Rolling Stone is retreating on its defense of last month's blockbuster exposé on sexual assault at the University of Virginia, which has been criticized in recent weeks for the author's failure to contact several men accused of gang raping a woman identified as Jackie. On Friday, Rolling Stone managing editor Will Dana issued a statement in response to the fraternity where Jackie claims she was raped, which now argues that there are major discrepancies in the woman's story:
In the face of new information, there now appear to be discrepancies in Jackie's account, and we have come to the conclusion that our trust in her was misplaced. We were trying to be sensitive to the unfair shame and humiliation many women feel after a sexual assault and now regret the decision to not contact the alleged assaulters to get their account. We are taking this seriously and apologize to anyone who was affected by the story.
Jackie's account of being brutally raped by seven men during her freshman year is the centerpiece of Sabrina Rubin Erdely's investigation of UVA's purported indifference to sexual assault reports. It is flanked by additional accounts from rape survivors who, like Jackie, claim they experienced devastating abuses that the school has largely failed to address. All of those stories, which correspond with so many other stories of sexual assault on college campuses, with so many other stories of universities that continue to look the other way, might now be in doubt.
This is not just because of the discrepancies in Jackie's account. It is not just because Rolling Stone failed to investigate her allegations better or to reach out to the accused, though the magazine no doubt should have done both of those things. The trust the UVA survivors and others might have gained through Erdely's report might now be lost because we will choose to disbelieve them as a result of the magazine's failures.
Rolling Stone claims it chose not to pursue interviews with Jackie's alleged attackers in order to show trust for a victim of sexual assault. But it is entirely possible to believe a victim's story while doing the work required of publishing that story as a work of investigative reporting -- which means attempting to corroborate it, for the sake of the accused, the accuser, other victims and the magazine itself. Jackie's story needed to be corroborated so we could have the elevated discussion we need to have about sexual assault on college campuses, a conversation that started to arise because of Erdely's article. That conversation has already begun to stall in the wake of Rolling Stone's failure to do what it should have done, but the magazine's failures are merely an excuse.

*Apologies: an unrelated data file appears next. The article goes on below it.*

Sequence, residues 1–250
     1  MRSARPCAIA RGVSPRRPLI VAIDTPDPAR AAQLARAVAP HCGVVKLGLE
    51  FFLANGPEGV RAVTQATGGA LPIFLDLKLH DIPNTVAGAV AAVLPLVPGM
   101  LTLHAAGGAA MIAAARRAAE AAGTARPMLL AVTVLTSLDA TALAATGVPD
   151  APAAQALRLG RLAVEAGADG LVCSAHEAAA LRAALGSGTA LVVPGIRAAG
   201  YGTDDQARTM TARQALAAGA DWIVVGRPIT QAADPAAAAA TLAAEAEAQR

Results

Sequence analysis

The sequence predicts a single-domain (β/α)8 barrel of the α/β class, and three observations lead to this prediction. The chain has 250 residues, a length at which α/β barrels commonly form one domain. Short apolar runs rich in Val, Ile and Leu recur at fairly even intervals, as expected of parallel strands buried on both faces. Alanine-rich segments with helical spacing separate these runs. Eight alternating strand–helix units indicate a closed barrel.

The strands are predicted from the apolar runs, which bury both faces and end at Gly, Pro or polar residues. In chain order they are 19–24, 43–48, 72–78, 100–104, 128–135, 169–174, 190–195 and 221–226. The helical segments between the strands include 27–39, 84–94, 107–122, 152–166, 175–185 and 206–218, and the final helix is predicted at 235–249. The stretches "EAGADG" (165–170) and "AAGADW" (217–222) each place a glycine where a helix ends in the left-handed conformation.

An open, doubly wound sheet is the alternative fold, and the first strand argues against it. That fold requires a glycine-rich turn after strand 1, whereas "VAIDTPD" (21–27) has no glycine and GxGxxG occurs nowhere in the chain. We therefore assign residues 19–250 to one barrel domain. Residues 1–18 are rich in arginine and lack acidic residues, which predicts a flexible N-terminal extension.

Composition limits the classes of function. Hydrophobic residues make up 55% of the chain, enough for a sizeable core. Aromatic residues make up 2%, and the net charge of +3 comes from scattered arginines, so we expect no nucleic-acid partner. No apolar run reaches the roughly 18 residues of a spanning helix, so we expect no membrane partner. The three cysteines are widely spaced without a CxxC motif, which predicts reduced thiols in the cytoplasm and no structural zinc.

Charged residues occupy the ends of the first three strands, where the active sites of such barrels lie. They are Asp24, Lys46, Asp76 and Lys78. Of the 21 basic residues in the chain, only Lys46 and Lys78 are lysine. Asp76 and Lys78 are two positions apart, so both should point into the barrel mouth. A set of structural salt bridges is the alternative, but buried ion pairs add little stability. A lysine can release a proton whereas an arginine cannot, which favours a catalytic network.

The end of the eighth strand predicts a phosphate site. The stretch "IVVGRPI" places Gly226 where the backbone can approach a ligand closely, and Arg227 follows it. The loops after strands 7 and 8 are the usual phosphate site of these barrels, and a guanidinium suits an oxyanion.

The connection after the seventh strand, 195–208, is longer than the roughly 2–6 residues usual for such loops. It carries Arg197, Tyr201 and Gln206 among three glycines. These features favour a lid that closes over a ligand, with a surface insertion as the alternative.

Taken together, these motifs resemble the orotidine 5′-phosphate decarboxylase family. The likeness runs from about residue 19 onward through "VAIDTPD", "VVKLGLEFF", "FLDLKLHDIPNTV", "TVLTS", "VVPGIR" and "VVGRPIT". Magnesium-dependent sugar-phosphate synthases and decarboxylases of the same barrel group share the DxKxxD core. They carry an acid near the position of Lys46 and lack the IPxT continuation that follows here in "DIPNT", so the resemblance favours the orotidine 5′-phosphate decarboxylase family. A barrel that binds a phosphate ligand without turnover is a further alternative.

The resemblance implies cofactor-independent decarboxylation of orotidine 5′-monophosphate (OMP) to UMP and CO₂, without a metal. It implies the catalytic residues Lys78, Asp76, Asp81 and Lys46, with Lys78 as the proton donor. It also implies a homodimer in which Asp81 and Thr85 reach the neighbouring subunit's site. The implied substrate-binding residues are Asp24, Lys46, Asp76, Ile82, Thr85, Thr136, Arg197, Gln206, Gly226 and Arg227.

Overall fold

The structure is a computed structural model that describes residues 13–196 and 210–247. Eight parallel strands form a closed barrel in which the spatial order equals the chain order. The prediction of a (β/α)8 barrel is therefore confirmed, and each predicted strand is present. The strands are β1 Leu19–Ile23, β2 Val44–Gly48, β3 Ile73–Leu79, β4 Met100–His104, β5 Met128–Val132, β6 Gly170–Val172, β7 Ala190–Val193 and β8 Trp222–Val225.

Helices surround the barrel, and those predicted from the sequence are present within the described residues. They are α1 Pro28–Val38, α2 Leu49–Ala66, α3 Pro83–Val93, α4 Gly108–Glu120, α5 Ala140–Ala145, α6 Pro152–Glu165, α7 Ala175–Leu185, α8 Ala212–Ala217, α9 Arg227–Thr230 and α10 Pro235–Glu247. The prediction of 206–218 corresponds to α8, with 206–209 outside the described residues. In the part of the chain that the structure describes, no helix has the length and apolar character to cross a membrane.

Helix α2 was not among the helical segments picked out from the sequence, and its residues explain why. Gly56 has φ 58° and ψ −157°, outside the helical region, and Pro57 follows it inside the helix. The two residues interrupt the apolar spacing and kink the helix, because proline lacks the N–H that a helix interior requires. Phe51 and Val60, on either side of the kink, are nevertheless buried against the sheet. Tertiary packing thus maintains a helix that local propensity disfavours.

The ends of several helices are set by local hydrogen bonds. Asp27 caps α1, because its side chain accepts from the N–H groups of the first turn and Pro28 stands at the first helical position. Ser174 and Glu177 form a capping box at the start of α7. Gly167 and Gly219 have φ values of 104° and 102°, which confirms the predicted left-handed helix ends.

New evidence has, indeed, indicated that there are discrepancies in Jackie's story; the Washington Post has a detailed account of the issues her friends and fellow UVA survivor advocates have noticed, as well as points from the planned rebuttal from the fraternity where Jackie claims she was raped. But the problems with Jackie's story do not give us reason to discredit the accounts of other survivors, who already fear that we will do exactly what we're inclined to do: to question rape victims, to assume they are lying, to shake our heads at the suggestion nice young men, or any human, could be capable of such grotesquely violent acts.
“One of my biggest fears with these inconsistencies emerging is that people will be unwilling to believe survivors in the future,” Alex Pinkleton, a friend of Jackie's and a rape survivor, told the Washington Post. “However, we need to remember that the majority of survivors who come forward are telling the truth.”
The percentage of falsely reported rapes is minuscule, a fact we already work to ignore. If you have any doubt that people will use Jackie's now-questionable credibility as an excuse for continuing to suggest that women lie about rape, it's already happening. But the damage was done long before Rolling Stone published "A Rape on Campus." It's damage we'll continue to do.